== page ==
I’ve already alluded to the right wing’s attempts to spread misinformation about the New Deal and the Great Depression. The mass media echo chamber has been full of them lately, and I’ve linked to a couple of items that have been rowing against the tide. I have perhaps been too casual about assuming that everyone is familiar with the real story, however. A careful look at some empirical truth is called for here, if we are to learn the correct lessons applicable to our current situation.

So let’s revisit those two links in greater detail. A few diligent scholars and journalists have done their homework so you and I don’t have to.

First, from economist Charles McMillion’s essay entitled “The ‘FDR Failed’ Myth” (emph. mine):

[I]t is imperative to expose a dangerous popular myth regarding the efficacy of President Roosevelt’s actions: that it was not the programs of the New Deal, but only the placing of the nation on a wartime footing years later, that restored the health of the nation’s economy.

This belief, though widely held, cannot stand up to even the most basic economic analysis. Yet the mainstream corporate media, which abound with anti-government ideology, seek to reinforce this myth. Just this past Sunday, The Washington Post featured on Page One of its Outlook section an article by Amity Shlaes headlined “FDR Was a Great Leader, But His Economic Plan Isn’t One to Follow.” …

The basic economic facts from the 1930s—according to the Department of Commerce, the Federal Reserve, and other official sources—are fundamentally different from the unsupported claims put forward by Shlaes and prominent in popular myth. The monthly data for industrial production show a near three-year collapse under President Hoover, ending when FDR came to office in March 1933. Production rocketed by 44 percent in the first three months of the New Deal and, by December 1936, had completely recovered to surpass its 1929 peak.

GDP, only available as annual averages, plunged 25.6 percent from 1929-1932, including by 13.0 percent in 1932. It stabilized in 1933, and then soared by 10.8 percent, 8.9 percent and 12.0 percent, respectively, in 1934, 1935 and 1936. Real GDP surpassed its 1929 peak in 1936 and never again fell below it. After-tax personal income, consumer spending, real private investment and jobs all reached or surpassed their 1929 peaks by late 1936.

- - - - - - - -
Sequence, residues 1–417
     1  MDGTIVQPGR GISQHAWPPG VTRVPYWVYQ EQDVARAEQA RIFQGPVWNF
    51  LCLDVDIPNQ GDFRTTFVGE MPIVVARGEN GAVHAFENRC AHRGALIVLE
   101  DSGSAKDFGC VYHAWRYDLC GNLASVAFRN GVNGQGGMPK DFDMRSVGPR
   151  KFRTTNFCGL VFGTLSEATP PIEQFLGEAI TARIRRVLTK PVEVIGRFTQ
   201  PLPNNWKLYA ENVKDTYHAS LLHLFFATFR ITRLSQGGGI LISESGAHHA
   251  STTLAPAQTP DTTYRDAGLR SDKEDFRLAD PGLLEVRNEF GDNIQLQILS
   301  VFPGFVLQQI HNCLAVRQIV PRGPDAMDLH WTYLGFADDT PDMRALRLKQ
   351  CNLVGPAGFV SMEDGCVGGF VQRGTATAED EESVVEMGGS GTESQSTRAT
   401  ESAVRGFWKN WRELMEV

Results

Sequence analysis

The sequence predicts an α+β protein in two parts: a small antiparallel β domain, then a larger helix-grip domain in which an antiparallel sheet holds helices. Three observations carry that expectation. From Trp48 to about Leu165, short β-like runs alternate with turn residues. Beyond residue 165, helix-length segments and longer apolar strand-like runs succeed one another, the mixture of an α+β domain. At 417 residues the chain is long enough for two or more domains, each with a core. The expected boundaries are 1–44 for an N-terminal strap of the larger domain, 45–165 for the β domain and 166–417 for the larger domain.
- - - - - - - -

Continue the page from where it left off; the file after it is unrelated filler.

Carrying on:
Second, from The Boston Globe, on “The New Deal and right-wing revisionism”:

One might have thought that voters of that day had pretty much settled the question of whether the New Deal worked by enthusiastically reelecting FDR, and not once but three times. But since right-wing revisionism is really an arrow aimed at the current stimulus plan, the effort to discredit the New Deal is worth examining.

…what do unemployment figures from the era actually show? The best regarded data excluding public-works employees traces a steady decline in joblessness through the first five years of the New Deal, from 25 percent when FDR took office to 14.3 percent in 1937. Then, however, joblessness rose, hitting 19.1 percent in 1938 before dropping back to 14.6 percent in 1940 and 9.9 percent in 1941.

Include work-relief employees, and unemployment declined more steeply, falling to 9.2 percent in 1937. It then rose to 12.5 percent in 1938 before dropping back to 6 percent in 1941. …

Still, the New Deal debate does raise an interesting question: Why did Roosevelt’s recovery falter?

Unfortunately for conservatives, the evidence cuts against their conclusions. The rise in unemployment followed FDR’s cutback in government spending in 1937. The resulting spike in unemployment prompted him to shift courses and expand spending again, whereupon unemployment again fell.